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Isaiah is the prophet of Salvation. He is also known as the truly "Universalist" prophet, by which is meant that He makes it clear that salvation is extended equally to all nations and not just to Israel. He lived to see the fall of Israel and the deportation of the Israelites to Assyria, and he prophesied of their "return" to God (through repentance). He is truly a "major prophet" whose prophecies greatly influenced the Apostle Paul in the New Testament.
Category - Bible Commentaries
Isaiah 27:7, 8 says,
7 Like the striking of Him who has struck them, has He struck them? Or like the slaughter of His slain, have they been slain? 8 You contended with them by banishing them, by driving them away. With His fierce wind He has expelled them on the day of the east wind.
The prophet’s questions in verse 7 are rhetorical. The answer is no. God has not struck them in the normal manner, nor has He slaughtered them as one would normally do to an enemy in battle. Obviously, God did send the Assyrians to make war on Israel, and many Israelites were certainly killed in battle. But instead of killing most of the people, the Assyrians deported them in order to increase their own population and thus strengthen themselves.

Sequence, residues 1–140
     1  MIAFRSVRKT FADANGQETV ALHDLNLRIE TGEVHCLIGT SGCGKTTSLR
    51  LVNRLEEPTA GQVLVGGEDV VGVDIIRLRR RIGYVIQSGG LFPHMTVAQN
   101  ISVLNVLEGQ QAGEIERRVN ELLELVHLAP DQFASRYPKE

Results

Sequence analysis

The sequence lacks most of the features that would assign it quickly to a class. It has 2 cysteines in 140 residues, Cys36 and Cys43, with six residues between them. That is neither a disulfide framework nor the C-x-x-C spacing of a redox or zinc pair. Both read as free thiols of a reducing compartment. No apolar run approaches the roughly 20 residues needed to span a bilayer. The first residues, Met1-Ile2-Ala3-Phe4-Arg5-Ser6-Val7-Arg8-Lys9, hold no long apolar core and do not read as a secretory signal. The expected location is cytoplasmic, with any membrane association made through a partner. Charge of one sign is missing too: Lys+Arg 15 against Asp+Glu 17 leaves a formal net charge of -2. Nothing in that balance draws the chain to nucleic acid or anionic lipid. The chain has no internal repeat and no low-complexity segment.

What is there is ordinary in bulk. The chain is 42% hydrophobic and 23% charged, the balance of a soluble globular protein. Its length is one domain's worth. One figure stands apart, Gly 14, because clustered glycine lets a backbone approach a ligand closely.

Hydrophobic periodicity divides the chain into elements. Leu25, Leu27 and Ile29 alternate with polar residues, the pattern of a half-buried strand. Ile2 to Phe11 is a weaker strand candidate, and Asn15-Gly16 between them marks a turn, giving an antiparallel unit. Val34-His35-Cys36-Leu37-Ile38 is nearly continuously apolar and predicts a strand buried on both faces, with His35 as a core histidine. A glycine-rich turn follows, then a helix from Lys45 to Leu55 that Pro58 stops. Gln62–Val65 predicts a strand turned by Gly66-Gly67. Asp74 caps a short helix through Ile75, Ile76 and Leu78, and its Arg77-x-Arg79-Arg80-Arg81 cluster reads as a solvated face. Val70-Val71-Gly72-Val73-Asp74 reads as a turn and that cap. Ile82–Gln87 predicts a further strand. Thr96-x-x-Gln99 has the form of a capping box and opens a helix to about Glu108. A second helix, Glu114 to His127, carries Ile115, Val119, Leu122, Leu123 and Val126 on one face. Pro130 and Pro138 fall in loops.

This deportation, “banishing them by driving them away,” was pictured as “the east wind,” which was very hot and dry, coming off the deserts east of Israel. Assyria, too, came from the east (north-east).
Isaiah 27:9 continues,
9 Therefore, through this Jacob’s iniquity will be forgiven; and this will be the full price of the pardoning of his sin: when he makes all the altar stones like pulverized chalk stones; when Asherim and incense altars will not stand.
The laws of tribulation in Leviticus 26 and Deuteronomy 28 tell us that if Israel persists in its lawlessness, God vowed to remove them from the land and exile them into foreign lands. We read in Deut. 28:63 and 64,
63 … you will be torn from the land [Canaan] where you are entering to possess it. 64 Moreover, the Lord will scatter you among all peoples, from one end of the earth to the other end of the earth; and there you shall serve other gods, wood and stone, which you or your fathers have not known.
Part of the judgment was that they would serve false gods during their captivity.
Leviticus 26:44 adds,